Review of Dutch beers: The delicious, questionable and Bavarian?!

Dutch beer. It’s tasty, it embarrasses you at parties and it’s central to the Dutch way of life. This is easy to see. After all, beer is consumed more than any other alcoholic beverage and exports of the drink earn  millions of euros each year. Its presence in the hearts and minds of the Dutch people remains as tangible now as it ever was.

In the past, excise taxes on alcohol helped fund the war of independence against Spain but now beer results in a thriving café and bar culture, and a healthy dose of gaudy advertising to boot. It seems only natural, then, that tourists, expats and lonely travellers want to integrate themselves into Dutch culture should grab a glass and down it with gusto.

But enjoying a beer need not be so simple. There are a lot of big brands out there, and confusion is the enemy of a good alcoholic experience. While nothing is more painful that seeing fellow foreigners freeze up when the bartender asks them to be more specific about their request for ‘twee biertjes’, a more general lack of direction can force you to take the coward’s way out and pick something you’re familiar with from home. (German and Belgian brews will not do!) The ultimate insurance policy against this sort of cultural failing is to plan ahead. What better way to do that than to read some totally subjective reviews to guide your decision-making? Luckily for DR reviews, I’ve listed my thoughts for five of the most popular Dutch beers. Proost, and be responsible out there!

Amstel Pilsener

As flat and lifeless as the river that it is named after, the first thing you notice about this glass of mediocrity is that you can’t get a frothy head on it. I don’t care if you pour it from a pump or drop it from a stepladder, you’re going to be drinking something oxidised right from the start. The taste isn’t much better, delivering nondescript malty notes on the palate and a old-coin aftertaste. Dutch folks seem to realise how bad it is, because it is always on sale at Albert Heijn.

Amsterdam's beer Amstel
Source: John Smith/Flickr

Grolsch Pilsner

This beer really appeals, but not for reasons you’d think. While it tastes more or less like a beer should, Grolsch is great for three other reasons. 

  1. This beer wins the award for ‘Most Unpronounceable Name Ever’. When said properly, it sounds a bit like clearing your throat and exhaling a large snore at the same time, and when done wrong it sounds like the ugly cry of J.R.R Tolkien’s Balrog. I like The Lord of the Rings, so this pleases me, and if you pull this pronunciation off you’ll be the talk of the expat community for years to come.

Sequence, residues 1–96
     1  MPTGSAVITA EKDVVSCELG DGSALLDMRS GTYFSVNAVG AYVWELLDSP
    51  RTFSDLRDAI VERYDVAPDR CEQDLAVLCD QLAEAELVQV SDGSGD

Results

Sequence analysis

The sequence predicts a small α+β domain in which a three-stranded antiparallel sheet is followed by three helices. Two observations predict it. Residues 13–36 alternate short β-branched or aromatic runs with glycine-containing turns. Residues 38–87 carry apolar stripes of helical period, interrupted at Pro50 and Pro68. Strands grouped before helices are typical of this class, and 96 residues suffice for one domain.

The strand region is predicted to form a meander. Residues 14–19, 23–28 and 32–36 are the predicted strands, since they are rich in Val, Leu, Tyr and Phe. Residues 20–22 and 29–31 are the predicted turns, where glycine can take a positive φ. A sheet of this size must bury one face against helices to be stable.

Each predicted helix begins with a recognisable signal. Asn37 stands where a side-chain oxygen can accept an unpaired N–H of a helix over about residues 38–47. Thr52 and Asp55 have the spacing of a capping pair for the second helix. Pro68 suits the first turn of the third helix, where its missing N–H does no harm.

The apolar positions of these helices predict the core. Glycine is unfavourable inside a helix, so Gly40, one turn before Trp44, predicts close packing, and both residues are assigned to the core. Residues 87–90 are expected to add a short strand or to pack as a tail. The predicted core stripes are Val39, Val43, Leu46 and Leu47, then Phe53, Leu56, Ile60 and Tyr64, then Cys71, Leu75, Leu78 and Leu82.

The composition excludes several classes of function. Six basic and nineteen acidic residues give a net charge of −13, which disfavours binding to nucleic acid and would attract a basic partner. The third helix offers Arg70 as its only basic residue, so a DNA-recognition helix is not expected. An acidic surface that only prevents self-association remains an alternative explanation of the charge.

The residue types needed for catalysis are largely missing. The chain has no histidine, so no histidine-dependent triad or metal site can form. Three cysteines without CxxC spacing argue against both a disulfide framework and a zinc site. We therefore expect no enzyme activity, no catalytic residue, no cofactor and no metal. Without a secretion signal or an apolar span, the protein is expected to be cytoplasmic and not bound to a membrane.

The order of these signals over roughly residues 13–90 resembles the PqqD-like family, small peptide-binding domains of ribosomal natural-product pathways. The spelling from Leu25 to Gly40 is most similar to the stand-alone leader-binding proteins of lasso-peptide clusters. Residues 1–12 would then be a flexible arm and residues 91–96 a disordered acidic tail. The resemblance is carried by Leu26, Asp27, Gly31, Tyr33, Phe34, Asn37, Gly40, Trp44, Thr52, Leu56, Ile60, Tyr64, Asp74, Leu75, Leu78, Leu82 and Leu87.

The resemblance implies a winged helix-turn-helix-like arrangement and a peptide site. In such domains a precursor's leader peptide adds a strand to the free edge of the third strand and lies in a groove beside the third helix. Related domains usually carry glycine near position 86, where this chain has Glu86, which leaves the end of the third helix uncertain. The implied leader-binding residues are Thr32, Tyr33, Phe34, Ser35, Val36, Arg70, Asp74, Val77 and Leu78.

2. You can get Grolsch in those big old glass bottles that have those swingtops on them… what do you call em, ‘beugels’? They’re cool as hell, man.
  3. Grolsch manages to appeal to my latent conservative sentiments with its movie commercials about shunning modern gimmicks in favour of tradition.  As mentioned in 2), they make a show of (mostly) shunning the aluminium beer can for glass swingtops, and they depict their beer being stored in ice cellars instead of fancy refrigerators. This is a unique strategy, and can often be more interesting to watch than the latest Pixar flick you’re about to see in 3D.

Dutch beer
Grolsch beer truck. Source: hans middendorp/Pexels

Heineken Pilsner

My experience of Heineken beer is certainly better than the official Heineken® Experience in the city of Amsterdam (is that a tourist trap?). Whereas the former titillates you with its snowy head, crispness and light finish, the latter bores you with half-baked history lessons and football endorsements. Ah refreshing!

Best Dutch beer
The dream fridge set up? Source: Isabella Mendes/Pexels

Bavaria Pilsner

Bavarian pislner is actually Dutch
What a pretty picture. Photo by Matan Segev/ Pexels

A Dutch beer that has the same name as a federal German state is not off to a good start in my book – it’s like they’re trying to make foreigners confused about where the hell they are. Besides that blunder, Bavaria is a pale gold colour, smells kinda bready and it is a little sweeter than its pilsner competitors. ‘Kind of like a crappy Heineken’ is a surprisingly common comment in the drinking community.

Wieckse Witte

The final beer on this list is a ‘white beer’. The blend for this beer is wheat-dominant, and it is put through long periods of fermentation without filtration. As such, one gets a distinctive ‘cloudy’ look, along with a floral aroma and a candied taste. You need to try this at least once.

What is your favourite Dutch beer? Let us know in the comments! And don’t forget to join our Facebook group – you know you wanna! 

7 COMMENTS

  1. […] If you don’t have much of a sweet tooth, these savory bite sized bitter balls are perfect for you! Bitterballen are battered in a crunchy breadcrumb coating and filled with a gooey mixture of chopped beef, beef broth, flour, butter, herbs and spices. And if this doesn’t already make your mouth water, you get mustard on the side too. Available at almost every cafe and bar in Amsterdam, bitter balls go extremely well with a glass of cold Dutch beer. […]

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